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11 May 2021

Media release: $63 million fraud committed by sunscreen test lab

The owner of a US lab that tested sunscreen products sold in New Zealand has pleaded guilty to falsifying results.

Last week, the owner of New York-based AMA Laboratories admitted defrauding customers and causing sunscreens to be marketed on the basis of false lab reports.

Consumer NZ chief executive Jon Duffy said test reports from AMA Laboratories had been used by many manufacturers to justify the SPF claims for sunscreens sold to Kiwi consumers.

“For many years, manufacturers sent us test reports from AMA Labs when our tests found their sunscreens weren’t up to standard. Manufacturers continued to rely on AMA Labs’ results despite our tests showing products failed to meet their label claims.

"With all the attention on this issue, it isn’t reasonable for a manufacturer to maintain that an AMA Lab report is good evidence its product provides the protection claimed on the label. Consumers have been deceived.”

In a country with melanoma rates as high as New Zealand, Kiwis are entitled to expect better, Duffy said.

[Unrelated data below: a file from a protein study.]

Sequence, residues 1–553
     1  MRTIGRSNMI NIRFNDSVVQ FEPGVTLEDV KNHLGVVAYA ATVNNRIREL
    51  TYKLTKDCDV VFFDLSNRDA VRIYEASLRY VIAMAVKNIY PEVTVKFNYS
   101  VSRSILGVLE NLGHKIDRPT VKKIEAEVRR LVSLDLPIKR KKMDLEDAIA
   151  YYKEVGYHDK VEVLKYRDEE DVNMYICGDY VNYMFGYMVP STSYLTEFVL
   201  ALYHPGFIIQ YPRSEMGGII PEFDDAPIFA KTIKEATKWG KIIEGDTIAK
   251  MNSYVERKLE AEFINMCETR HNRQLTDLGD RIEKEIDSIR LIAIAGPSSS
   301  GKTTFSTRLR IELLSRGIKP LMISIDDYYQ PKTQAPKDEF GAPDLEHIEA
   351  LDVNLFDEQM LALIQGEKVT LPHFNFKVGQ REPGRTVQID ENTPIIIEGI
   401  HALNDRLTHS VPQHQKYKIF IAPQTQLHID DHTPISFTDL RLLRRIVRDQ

A statement issued on 4 May 2021 by the US Attorney’s Office in the Southern District of New York said AMA Lab owner Gabriel Letizia Jr had “schemed for decades to defraud customers”.

From 1987 to April 2017, Letizia and senior staff defrauded customers of more than $63 million ($US46m). Letizia is now facing up to seven years in prison. Four former AMA employees have previously pleaded guilty in connection with the fraud.

Duffy said any manufacturer that’s relied on reports from AMA Labs should urgently retest its products.

In Consumer NZ’s latest test, the following brands relied on results from AMA Labs to support their SPF claims:

  • Ecosol Water Shield Sunscreen SPF50+
  • Natural Instinct Invisible Natural Sunscreen SPF30
  • Sukin Suncare Sheer Touch Facial Sunscreen Untinted SPF30.

Last month, Consumer NZ lodged a complaint with the Commerce Commission asking it to investigate sunscreens that failed to meet SPF claims.

Consumer NZ is calling for a mandatory standard that requires companies to regularly test their sunscreens at accredited labs.